Which concerts in our 2018/19 season would you recommend?

If you haven’t heard enough bass clarinet after today’s concert, I’d highly recommend the concert with Maestro Temirkanov on 4 April. We’ll play Shostakovich’s 7th symphony which has one of the best bass clarinet solos ever written. Listen to the second movement really carefully!

The other concert I’m excited about is on 28 February with our Principal Conductor Esa-Pekka Salonen. It is a fantastic, original and eclectic programme, as always with Esa-Pekka. I am really looking forward to playing the Berio Folk Songs and Donatoni’s ESA, two pieces I never came across before. It is always rewarding for us to add new pieces to our repertoire.


Book tickets to hear Laurent perform the new concerto here.

29 Nov 2018

From the Archives: Strauss's Four Last Songs Letter


29 Nov


Almost 70 years, ago, the Philharmonia performed the world premiere of Strauss's late masterpiece, Four Last Songs, with soprano Kirsten Flagstad and conductor Wilhelm Furtwängler. This December, the Orchestra returns to the piece with soprano Sophie Bevan and Principal Guest Conductor Santtu-Matias Rouvali, performing in Leicester on 5 December and London on 6 December.


Ahead of the performance, peek into one of the defining moments of Philharmonia history - read Richard Strauss's original letter to Kirsten Flagstad that led to the Philharmonia's performance one year later.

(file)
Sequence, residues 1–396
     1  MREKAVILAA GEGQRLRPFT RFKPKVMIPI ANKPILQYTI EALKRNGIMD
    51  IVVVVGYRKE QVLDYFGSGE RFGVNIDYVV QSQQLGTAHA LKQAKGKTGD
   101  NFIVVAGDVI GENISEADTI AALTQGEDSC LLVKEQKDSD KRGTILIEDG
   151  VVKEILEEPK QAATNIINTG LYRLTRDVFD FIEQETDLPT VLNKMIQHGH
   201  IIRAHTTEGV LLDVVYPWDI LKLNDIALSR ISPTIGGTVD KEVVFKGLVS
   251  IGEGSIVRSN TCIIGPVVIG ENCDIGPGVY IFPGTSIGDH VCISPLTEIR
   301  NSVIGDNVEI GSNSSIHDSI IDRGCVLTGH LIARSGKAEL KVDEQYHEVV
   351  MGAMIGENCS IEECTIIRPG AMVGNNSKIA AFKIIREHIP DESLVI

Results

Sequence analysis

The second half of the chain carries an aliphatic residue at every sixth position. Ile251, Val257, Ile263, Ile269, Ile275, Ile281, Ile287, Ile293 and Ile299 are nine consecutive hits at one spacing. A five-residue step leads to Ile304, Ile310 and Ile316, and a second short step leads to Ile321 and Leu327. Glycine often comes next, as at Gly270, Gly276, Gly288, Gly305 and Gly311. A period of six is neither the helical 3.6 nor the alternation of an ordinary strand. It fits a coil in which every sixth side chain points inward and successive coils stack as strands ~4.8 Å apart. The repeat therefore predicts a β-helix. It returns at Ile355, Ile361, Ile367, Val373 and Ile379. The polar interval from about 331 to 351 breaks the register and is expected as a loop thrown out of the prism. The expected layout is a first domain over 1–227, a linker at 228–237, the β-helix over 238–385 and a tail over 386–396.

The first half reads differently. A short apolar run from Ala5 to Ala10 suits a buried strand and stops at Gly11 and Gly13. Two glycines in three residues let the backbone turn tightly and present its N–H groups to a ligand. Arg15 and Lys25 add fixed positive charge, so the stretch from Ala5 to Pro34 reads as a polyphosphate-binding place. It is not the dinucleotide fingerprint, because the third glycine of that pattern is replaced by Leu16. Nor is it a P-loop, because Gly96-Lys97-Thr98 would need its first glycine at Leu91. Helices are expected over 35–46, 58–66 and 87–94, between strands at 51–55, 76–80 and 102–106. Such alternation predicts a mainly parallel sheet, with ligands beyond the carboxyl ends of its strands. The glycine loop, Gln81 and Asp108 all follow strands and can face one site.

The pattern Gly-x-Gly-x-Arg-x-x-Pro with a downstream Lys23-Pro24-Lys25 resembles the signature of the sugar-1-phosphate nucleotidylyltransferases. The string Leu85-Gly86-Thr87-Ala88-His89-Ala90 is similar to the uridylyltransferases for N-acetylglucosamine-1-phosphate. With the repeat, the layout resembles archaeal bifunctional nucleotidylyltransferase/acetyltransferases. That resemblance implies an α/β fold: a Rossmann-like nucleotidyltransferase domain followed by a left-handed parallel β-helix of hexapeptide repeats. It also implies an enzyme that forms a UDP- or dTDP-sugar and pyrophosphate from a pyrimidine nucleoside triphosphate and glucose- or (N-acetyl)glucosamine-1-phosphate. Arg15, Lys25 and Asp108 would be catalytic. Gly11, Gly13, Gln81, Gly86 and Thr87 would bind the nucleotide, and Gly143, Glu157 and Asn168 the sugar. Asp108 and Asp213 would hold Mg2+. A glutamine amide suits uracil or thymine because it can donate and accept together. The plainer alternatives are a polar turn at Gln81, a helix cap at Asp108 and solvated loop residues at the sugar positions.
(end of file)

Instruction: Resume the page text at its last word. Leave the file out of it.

Facsimile of Strauss's original typewritten letter, courtesy of the Kirsten Flagstad Museum, Norway.


13 May, 1949

At his home by Lake Geneva, bemoaning the poor health that prevents him from attending concerts, an elderly Strauss sits working at his typewriter. Inspired by news reports of an extraordinary recital in Zurich, he has compiled a set of scores for the legendary singer, Kirsten Flagstad, asking her if she would consider performing some of his most demanding songs for operatic soprano, “the performance of which is closed to ordinary singers”. He includes such masterpieces as Frühlingsfeier, Wiegenlied and Cäcilie, but at the end of the letter, he chooses to offer something further: in a now-famous sentence in the Philharmonia’s history, he suggests: “…I also add that I have the pleasure to provide for you my Four Last Songs with orchestra, which are currently in print in London; to give their premiere performance in an orchestral concert with a first-class conductor and orchestra…”


Enticed? Read our full programme notes for free here, and book tickets for the concert, which includes An Alpine Symphonyhere.

7 Nov 2018

Music of Today: Q & A with Amy Dickson


7 Nov


We're joined by saxophonist Amy Dickson in our next free Music of Today concert on 15 November, performing Franco Donatoni's Hot as the centrepiece of our composer showcase.